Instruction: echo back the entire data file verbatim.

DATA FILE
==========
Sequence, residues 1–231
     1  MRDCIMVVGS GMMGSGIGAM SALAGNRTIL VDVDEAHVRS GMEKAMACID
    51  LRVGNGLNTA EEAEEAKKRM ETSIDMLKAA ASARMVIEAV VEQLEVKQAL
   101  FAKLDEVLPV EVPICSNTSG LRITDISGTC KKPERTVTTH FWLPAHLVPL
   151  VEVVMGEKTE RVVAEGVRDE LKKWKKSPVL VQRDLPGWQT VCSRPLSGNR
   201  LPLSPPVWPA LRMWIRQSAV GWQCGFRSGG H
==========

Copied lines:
Sequence, residues 1–231
     1  MRDCIMVVGS GMMGSGIGAM SALAGNRTIL VDVDEAHVRS GMEKAMACID
    51  LRVGNGLNTA EEAEEAKKRM ETSIDMLKAA ASARMVIEAV VEQLEVKQAL
   101  FAKLDEVLPV EVPICSNTSG LRITDISGTC KKPERTVTTH FWLPAHLVPL
   151  VEVVMGEKTE RVVAEGVRDE LKKWKKSPVL VQRDLPGWQT VCSRPLSGNR
   201  LPLSPPVWPA LRMWIRQSAV GWQCGFRSGG H